Dissected Layers: Grenoble Archaeological Museum

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The Archaeological Museum of St Laurent, Musée archéologique Saint-Laurent, Grenoble, France

Across the Isère river, in the quaint streets of the St Laurent quarter of Grenoble, is a fascinating little museum which serves as a heartening example of what can happen if you dig down under the buildings of cities with ancient origins.

The museum is proud of the fact that 2000 years of history are covered in the site – spanning from a Roman necropolis to the 19th century.  Excavations were undertaken from 1978 to 1995, with the church only being deconsecrated in 1983, and the initial museum opening three years later.   Renovations led to the reopening in 2011, with an attractive use of technology to help recreate and understand the archaeology of the site.

In 1803, the 6th century crypt of St Oyand was rediscovered by Jacques-Joseph Champollion-Figeac (brother of the famous Egyptologist).  This discovery generated a good deal of interest and when Prosper Mérimee visited Grenoble in 1839, in his capacity as Inspector General of Historical Monuments, he waxed lyrical about the crypt and the site which has the distinction of being one of the first to be classified as a ‘historical monument’.

The church was used as a museum for locally discovered Gallo-Roman remains from 1853, but it’s really been the excavations from the 1970s that have made the site what it is today.  Over 1,500 graves have been found, the discovery of which has in turn unearthed over 3000 objects, dating from the 4th to the 18th century.  This incredible succession of burials has led to an increase in understanding of burial patterns, practices and religious beliefs of people in this region over 1600 years.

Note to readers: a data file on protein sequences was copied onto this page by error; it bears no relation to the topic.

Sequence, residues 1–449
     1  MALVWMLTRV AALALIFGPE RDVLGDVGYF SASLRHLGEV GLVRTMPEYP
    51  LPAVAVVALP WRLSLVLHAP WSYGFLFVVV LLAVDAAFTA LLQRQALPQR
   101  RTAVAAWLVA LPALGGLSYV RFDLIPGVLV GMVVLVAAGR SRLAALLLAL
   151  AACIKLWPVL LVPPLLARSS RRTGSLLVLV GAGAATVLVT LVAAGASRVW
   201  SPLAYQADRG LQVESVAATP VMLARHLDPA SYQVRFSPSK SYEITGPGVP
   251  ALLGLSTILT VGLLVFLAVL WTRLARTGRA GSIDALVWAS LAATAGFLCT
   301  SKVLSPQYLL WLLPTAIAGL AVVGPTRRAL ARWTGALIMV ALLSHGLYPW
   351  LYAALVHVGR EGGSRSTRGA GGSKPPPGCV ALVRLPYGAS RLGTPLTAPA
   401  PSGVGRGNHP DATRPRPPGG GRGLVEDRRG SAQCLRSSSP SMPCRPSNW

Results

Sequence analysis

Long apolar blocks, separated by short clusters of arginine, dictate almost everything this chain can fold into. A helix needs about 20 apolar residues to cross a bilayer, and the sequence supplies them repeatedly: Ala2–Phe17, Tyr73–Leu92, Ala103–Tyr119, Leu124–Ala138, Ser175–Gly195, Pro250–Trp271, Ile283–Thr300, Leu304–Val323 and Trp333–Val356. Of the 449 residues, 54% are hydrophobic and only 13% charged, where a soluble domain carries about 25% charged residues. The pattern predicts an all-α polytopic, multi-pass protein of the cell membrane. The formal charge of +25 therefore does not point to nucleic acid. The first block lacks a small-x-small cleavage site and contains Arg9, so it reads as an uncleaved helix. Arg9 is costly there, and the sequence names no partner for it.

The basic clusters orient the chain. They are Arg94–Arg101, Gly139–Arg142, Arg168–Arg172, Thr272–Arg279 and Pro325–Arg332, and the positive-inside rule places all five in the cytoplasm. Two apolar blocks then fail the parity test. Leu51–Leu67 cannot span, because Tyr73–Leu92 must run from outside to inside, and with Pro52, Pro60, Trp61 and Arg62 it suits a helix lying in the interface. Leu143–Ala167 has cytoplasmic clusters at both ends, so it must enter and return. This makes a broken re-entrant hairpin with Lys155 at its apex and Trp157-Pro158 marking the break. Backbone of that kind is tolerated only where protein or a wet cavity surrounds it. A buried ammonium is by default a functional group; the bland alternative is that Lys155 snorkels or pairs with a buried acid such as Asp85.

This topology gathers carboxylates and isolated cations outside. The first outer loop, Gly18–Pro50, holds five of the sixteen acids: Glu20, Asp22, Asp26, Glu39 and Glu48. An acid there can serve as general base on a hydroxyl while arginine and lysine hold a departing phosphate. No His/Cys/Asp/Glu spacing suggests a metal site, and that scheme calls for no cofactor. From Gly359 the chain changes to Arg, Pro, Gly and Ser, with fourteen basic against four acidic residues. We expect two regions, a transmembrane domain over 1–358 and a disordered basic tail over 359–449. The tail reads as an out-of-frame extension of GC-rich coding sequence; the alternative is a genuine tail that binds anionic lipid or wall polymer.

I’m not even going to try and explain the different levels of constructions and burials, and heartily suggest that you visit the museum to see things for yourself!

So In Summary

Rather like the other museums of Grenoble, St Laurent presents an interesting, unusual mix of history and archaeology in a very direct way.  The building is not perhaps the most exciting you’ll visit, but it serves as a good example of what archaeology actually is, what living in an ancient city actually means, and how different generations make changes and build on the work of their predecessors.  The museum does a great job of unravelling the layers of building work and letting you see it from different angles, so you can really get to understand the way the church and its environs changed over the centuries, adapting to the needs of the parish and its parishioners.

Further Information

Entry into the museum is free.

There is a website in English (linked with other museums of the area) which gives you all the basic information you may need to plan your visit: www.musees.isere.fr

How To Get There

I recommend using public transport to get you to the site, if you’re coming in from the train station area. Here is a link to the local transport site: www.tag.fr

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